Thursday 31 August 2023

Bitcoin File Format

Does copyright subsist in the 'Bitcoin File Format'? This was the question in Wright & Ors v BTC Core & Ors [2023] EWHC 222 (Ch), where Mellor J found earlier this year that it did not because the subject-matter was "not expressed or fixed anywhere" (paragraph 62). On appeal ([2023] EWCA Civ 868), Arnold LJ decided that all that was required was that "the structure be completely and unambiguously recorded" (para 69). The claimants did therefore have a "real prospect of successfully establishing the fixation requirement is satisfied" and the appeal was allowed. Do the claimants now therefore have a prospect, real or otherwise, of establishing that this fixation requirement is satisfied?

Firstly, for those who may be unfamiliar with the term (which is possibly understandable since it appears to have been invented for the legal proceedings), what is the "Bitcoin File Format"? According to the claimants, it is "the original work consisting of the structure of each block of the Bitcoin Blockchain" (referring to a Schedule which is unfortunately not publicly available, but which was written in 2022). The Bitcoin File Format (BFF) is therefore the way that data is arranged in each Bitcoin block. The basics of this are explained on the Bitcoin Wiki page for the Genesis Block, which in raw hexadecimal form looks like this:

Genesis Block (annotated)

My annotations indicate the various parts of the block, which have a particular meaning when read by the Bitcoin software. There is therefore a clear format to the block, which is the same for every subsequent block, but importantly the format is not clear from the block itself. There is in fact no information in the block itself about what each section means. Instead, the meaning has to be inferred from software that knows what to look for. This makes the fixation of the format different to that in, for example, an XML template where the template contains a structure (in <brackets>) that indicates what the content is about. This allows an XML reader to extract information from a file created using that template and order it accordingly. Previous cases have found that copyright can subsist in XML templates, i.e. an XML file with just the placeholders and no content.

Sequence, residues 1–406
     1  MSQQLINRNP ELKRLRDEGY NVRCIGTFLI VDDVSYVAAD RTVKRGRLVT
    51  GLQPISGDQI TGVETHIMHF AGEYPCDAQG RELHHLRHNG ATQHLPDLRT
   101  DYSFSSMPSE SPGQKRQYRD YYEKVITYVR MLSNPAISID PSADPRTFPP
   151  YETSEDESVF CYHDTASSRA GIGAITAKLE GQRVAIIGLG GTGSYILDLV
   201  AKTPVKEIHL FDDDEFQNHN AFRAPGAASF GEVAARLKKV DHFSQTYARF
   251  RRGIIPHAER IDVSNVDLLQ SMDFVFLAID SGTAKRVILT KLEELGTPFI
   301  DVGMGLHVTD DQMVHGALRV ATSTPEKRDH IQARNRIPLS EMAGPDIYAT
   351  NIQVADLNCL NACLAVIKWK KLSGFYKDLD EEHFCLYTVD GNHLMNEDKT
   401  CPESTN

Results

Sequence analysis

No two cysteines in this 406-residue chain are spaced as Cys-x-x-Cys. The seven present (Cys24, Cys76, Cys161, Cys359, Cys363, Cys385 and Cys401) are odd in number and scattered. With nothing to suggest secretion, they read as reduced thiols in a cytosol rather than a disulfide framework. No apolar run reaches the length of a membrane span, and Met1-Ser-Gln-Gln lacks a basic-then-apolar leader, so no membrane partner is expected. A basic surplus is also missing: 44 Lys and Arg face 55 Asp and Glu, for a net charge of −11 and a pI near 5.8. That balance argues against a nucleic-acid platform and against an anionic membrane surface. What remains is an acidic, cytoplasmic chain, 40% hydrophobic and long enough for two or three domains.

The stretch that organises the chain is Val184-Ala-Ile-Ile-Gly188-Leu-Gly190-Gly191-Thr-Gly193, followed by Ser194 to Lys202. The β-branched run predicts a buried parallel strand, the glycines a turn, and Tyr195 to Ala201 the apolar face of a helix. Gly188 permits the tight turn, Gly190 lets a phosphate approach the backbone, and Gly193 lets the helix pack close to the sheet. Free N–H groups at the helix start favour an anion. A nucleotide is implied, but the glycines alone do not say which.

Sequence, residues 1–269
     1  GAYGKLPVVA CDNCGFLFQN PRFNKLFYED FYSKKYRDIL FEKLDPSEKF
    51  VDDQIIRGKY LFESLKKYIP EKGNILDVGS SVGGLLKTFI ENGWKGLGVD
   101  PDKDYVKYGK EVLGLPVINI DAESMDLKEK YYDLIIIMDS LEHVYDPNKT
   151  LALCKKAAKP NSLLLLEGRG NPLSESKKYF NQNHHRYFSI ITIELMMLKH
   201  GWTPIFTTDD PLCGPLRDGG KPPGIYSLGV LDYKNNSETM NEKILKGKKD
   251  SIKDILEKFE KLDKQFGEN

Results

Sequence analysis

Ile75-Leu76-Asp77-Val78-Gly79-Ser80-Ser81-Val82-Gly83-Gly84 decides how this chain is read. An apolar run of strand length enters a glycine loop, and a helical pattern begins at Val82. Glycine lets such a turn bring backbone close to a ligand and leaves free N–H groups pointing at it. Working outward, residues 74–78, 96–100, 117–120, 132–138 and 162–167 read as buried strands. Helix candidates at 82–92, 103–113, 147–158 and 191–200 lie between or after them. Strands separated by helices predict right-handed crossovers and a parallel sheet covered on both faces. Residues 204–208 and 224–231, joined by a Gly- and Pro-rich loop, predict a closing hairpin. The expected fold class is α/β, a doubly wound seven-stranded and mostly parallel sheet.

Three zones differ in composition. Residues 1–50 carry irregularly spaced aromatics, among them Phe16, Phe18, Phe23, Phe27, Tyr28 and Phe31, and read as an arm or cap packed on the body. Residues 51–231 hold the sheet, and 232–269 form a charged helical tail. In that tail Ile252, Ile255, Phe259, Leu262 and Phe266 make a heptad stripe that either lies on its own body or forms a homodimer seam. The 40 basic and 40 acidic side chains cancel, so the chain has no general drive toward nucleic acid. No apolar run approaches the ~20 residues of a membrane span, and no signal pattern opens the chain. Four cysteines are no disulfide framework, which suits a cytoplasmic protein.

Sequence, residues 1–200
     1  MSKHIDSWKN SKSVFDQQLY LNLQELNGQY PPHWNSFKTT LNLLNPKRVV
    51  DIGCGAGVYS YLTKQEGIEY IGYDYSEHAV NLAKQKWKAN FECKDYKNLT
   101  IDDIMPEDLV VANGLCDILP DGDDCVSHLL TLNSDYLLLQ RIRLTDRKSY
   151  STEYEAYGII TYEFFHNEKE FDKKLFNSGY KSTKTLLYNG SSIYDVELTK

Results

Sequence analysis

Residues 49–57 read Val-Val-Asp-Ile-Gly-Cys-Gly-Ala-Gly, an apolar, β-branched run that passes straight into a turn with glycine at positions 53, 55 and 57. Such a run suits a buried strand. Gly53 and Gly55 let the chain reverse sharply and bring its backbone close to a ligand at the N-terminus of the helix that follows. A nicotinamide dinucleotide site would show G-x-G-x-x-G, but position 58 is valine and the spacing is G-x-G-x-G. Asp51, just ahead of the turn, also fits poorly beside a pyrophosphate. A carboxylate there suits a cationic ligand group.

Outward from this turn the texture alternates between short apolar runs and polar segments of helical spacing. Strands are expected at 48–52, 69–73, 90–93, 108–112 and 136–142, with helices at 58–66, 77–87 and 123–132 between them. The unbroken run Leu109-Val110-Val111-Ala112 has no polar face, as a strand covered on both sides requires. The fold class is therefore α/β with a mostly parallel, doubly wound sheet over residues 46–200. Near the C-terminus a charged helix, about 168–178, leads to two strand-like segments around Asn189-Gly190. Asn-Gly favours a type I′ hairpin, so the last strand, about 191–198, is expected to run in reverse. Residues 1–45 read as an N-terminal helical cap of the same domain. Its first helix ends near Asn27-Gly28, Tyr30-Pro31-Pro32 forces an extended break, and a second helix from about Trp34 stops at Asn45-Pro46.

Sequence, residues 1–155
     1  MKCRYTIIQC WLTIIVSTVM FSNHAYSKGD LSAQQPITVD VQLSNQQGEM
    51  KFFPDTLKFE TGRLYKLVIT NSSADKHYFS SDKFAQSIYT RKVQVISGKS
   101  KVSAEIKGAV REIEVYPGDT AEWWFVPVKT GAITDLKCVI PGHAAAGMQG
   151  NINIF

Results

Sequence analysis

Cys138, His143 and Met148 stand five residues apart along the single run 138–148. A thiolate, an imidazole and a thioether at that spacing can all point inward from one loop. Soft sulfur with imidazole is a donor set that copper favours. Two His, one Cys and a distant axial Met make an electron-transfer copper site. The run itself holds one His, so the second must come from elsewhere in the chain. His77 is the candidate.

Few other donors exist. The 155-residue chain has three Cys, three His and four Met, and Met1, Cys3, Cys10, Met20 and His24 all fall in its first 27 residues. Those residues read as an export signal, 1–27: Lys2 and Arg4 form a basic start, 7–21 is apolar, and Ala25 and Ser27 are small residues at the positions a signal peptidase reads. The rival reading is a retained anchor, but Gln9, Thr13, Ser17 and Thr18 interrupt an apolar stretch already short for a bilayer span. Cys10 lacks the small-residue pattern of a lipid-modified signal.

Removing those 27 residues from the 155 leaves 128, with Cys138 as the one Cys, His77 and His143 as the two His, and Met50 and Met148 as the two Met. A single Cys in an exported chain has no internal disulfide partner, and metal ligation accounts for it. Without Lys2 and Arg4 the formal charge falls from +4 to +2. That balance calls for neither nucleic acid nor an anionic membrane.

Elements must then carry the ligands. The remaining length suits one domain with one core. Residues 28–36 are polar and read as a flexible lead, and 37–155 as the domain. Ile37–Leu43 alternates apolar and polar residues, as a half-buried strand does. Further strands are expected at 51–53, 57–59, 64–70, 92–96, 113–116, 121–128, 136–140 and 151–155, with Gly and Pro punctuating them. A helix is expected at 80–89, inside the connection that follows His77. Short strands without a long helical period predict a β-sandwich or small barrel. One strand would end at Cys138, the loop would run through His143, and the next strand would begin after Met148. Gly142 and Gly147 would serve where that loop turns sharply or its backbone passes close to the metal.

An example XML template (from here)

This was the difficulty that Mellor J had when assessing whether the claimants had established that there was a serious issue to be tried. If the claimants could not establish how the format itself (not simply the data output, which was inevitably different every time) was fixed, the fixation issue was not met and there was no serious issue to be tried. The judge attempted to get the claimants to file evidence showing how the fixation requirement was met. The claimants filed various explanations from themselves and third parties that showed how the structure of each block was defined, but none of this was found to be relevant because they were not relevant works identifying the structure, only things that were provided after the event. As Mellor J stated: